When I woke up in the Matanzas province in Cuba last week, there was too much hurrying going on to worry about wifi cards and cellphone signals. It was the crack of dawn and I had told my group that any trip to the Zapata swamp, a region very closely resembling the Everglades, had to start uber-early.
A lengthy drive through the wooded entrance of the park finally yielded a broad horizon of white birds, interspersed with a few bright, pink spoonbills. Unfortunately, only a few flamingos had stayed behind, while the others had continued on their migratory route. This was all fine and dandy, but at the fore of my mind was the fact that my first attempt to send my “Our Man in Havana” article and photo the night before had failed miserably. An iPad was great for editing images, it even worked well for some writing, but without a decent wifi signal, none of this mattered.
As we turned around to make the slow, bumpy and hot 10-mile drive back to “civilization,” I came up with a new, albeit hair-brained idea. I would transcribe the story from iPad to iPhone, then, take a cellphone photo of the iPad screen. This was a desperately low-tech plan. The hope was that my iPhone could connect to the wifi that every other Cuban in Playa Larga (on the Bay of Pigs) was obviously enjoying near the entrance to town.
Bouncing along the gravel and pot-holed road in the “way back” seat of a 1952 International truck/SUV thing, I continuously fought with auto-correct and device screens timing out. About halfway through my typing, naturally, everything vanished, so I was given a second, unwanted opportunity to type it all in again.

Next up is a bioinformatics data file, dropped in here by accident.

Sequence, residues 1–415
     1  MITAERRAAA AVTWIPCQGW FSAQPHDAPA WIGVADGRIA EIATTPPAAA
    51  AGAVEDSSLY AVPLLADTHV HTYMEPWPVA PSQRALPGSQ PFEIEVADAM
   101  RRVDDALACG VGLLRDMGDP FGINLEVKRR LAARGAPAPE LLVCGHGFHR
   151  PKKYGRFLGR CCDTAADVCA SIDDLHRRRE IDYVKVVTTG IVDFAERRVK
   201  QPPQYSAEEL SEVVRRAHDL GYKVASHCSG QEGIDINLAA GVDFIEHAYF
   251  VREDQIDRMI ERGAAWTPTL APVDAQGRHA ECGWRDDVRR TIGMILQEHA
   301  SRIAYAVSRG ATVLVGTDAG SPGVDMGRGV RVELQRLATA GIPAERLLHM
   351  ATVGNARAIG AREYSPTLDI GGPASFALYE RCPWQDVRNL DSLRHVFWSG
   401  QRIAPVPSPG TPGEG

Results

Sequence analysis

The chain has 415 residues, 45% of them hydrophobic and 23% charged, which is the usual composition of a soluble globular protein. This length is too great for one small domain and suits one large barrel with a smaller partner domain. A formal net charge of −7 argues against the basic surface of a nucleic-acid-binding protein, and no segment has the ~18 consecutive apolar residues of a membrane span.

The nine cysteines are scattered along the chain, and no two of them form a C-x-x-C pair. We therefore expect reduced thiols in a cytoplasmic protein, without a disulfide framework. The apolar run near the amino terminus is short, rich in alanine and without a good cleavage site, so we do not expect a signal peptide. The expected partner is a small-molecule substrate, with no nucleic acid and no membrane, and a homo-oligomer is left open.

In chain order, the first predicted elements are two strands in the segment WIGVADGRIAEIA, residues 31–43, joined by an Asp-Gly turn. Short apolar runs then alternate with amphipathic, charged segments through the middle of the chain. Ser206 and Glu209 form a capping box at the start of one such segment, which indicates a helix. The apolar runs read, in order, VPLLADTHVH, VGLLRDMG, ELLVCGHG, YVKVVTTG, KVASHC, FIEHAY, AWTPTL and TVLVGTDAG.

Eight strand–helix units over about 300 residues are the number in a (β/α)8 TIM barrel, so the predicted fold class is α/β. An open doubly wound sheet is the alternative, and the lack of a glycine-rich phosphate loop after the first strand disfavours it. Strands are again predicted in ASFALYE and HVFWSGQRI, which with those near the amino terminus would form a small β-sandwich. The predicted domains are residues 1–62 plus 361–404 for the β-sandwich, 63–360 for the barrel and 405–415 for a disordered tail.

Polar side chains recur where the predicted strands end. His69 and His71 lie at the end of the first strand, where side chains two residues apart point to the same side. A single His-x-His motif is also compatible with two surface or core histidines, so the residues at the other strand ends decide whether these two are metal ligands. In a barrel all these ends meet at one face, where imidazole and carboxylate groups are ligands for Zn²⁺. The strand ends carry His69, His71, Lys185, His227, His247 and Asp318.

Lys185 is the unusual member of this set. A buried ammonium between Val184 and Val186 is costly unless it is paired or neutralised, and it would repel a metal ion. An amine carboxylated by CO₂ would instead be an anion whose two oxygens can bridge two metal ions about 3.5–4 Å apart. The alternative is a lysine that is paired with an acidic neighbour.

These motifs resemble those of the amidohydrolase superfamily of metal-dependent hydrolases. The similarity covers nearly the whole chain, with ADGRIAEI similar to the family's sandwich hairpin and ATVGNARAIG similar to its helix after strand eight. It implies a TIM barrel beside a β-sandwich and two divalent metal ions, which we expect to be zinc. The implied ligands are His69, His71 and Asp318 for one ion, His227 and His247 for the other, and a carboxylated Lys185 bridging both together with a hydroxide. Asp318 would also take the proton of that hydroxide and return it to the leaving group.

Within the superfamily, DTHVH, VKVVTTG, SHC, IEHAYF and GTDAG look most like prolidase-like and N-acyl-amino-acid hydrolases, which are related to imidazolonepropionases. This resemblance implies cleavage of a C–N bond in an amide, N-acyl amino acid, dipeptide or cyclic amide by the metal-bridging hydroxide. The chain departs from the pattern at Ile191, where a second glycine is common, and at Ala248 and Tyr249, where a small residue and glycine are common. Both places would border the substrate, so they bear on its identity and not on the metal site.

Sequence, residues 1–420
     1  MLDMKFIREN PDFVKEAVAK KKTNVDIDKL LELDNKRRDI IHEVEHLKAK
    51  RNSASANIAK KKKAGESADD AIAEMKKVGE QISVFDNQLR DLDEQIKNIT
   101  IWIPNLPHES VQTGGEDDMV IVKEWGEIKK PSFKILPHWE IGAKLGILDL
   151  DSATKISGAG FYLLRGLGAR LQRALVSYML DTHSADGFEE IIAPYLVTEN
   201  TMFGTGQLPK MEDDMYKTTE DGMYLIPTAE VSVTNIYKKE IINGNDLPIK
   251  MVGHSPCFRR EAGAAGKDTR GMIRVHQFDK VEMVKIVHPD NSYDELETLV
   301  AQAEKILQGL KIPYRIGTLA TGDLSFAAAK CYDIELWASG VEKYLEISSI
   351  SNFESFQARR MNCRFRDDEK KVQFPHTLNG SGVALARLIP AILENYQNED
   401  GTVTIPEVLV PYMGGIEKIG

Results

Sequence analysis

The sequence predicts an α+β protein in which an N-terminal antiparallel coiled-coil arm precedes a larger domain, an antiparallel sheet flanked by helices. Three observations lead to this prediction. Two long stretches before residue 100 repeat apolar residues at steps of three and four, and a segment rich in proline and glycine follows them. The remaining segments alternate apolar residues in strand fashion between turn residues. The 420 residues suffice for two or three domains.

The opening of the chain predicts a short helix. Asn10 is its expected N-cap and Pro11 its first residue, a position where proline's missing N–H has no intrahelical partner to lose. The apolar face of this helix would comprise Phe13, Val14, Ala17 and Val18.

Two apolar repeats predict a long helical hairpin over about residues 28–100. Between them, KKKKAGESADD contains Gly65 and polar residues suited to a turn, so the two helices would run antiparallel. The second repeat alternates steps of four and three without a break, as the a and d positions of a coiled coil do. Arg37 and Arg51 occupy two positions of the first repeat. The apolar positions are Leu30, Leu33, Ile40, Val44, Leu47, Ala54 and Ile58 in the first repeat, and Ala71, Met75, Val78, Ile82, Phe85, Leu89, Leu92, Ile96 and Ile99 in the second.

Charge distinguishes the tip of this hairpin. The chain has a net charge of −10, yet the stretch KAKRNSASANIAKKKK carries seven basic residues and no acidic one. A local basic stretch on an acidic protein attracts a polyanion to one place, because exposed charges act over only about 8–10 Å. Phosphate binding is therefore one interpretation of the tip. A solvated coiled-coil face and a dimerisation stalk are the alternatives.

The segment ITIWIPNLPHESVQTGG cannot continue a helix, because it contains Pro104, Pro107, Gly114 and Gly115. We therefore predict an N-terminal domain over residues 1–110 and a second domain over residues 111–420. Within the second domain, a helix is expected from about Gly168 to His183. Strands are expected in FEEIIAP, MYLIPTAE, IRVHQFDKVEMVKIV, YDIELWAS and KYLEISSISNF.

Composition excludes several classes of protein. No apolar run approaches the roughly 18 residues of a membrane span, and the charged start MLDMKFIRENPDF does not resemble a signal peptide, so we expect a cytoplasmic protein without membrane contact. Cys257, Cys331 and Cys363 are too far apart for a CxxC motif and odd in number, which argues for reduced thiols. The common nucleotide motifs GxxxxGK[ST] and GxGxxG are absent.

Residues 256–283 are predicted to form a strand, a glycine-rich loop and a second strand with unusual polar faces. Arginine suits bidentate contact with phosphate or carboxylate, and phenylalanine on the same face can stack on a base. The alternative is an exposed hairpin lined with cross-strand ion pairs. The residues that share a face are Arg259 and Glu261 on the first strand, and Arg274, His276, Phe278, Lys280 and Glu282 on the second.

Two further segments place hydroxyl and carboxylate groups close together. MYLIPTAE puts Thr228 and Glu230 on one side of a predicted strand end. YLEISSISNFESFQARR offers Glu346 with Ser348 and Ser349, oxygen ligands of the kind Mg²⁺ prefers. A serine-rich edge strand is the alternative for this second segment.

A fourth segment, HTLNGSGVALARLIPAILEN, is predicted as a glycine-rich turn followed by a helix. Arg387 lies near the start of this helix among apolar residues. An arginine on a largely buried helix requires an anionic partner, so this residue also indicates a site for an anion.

Cuban wifi zones are easy to spot. At least half of the people you see either in a park or in front of a hotel, have headphones dangling from their ears, a cellphone an arm’s length from their face and usually, a really big smile as they “FaceTime” with relatives abroad. There was no question whether we were in the right spot or not, it was just a matter of connection. For about 15 minutes, I tried in vain to connect. It was time to bite the bullet and call The Citizen and tell them that for the very first time, I would have no article on Cuba. This was not good and it really had me down.
Imagine my surprise when I got back to Key West two days later hearing that “they had some photo of a guy with tobacco.” I figured they had dug up an old Cuba photo and had winged a caption. But no, somehow, some way, the roughish draft I had written while flying down Cuba’s Autopista highway from Havana to the Bay of Pigs had snuck out of the iPad and found its way to Northside Drive in Key West. How? Who cares, right? Like I always say, “all’s well that ends ...”